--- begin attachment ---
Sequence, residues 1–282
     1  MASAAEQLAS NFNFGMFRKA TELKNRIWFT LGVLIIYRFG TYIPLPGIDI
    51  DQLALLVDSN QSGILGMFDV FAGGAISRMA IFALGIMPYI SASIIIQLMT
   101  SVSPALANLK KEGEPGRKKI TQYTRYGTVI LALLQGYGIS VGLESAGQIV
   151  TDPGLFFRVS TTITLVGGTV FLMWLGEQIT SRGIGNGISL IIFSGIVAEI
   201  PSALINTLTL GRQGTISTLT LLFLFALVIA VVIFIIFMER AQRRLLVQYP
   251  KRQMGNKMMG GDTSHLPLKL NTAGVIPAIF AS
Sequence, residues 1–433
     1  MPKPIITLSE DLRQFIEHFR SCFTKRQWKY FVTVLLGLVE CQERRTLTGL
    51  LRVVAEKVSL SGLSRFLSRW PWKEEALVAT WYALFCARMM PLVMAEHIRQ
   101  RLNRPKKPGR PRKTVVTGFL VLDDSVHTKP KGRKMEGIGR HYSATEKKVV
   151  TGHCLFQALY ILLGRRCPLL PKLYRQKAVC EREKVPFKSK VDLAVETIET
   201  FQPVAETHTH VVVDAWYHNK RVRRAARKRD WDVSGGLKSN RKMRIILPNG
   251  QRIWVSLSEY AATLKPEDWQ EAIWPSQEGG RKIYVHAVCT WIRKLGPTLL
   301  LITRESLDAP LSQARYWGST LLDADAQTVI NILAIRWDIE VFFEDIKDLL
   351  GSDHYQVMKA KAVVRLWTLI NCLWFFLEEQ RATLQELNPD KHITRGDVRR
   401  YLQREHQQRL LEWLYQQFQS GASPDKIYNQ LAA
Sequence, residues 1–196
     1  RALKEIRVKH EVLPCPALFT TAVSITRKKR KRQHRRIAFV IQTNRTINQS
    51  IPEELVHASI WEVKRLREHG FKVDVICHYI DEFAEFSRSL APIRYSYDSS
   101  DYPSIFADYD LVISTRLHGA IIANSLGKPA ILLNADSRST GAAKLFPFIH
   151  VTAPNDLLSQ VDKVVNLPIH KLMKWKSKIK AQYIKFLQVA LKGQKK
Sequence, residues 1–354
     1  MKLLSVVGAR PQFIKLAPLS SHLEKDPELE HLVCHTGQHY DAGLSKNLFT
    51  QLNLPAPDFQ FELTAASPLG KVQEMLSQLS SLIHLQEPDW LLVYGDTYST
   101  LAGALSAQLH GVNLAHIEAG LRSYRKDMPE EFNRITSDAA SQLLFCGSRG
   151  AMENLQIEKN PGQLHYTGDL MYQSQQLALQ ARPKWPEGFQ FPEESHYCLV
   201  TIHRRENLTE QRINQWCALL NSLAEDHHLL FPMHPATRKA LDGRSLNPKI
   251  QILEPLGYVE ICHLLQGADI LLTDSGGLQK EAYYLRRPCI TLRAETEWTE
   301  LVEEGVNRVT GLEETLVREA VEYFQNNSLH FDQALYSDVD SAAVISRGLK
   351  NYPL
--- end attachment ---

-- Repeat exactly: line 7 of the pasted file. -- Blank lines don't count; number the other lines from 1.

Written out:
   251  KRQMGNKMMG GDTSHLPLKL NTAGVIPAIF AS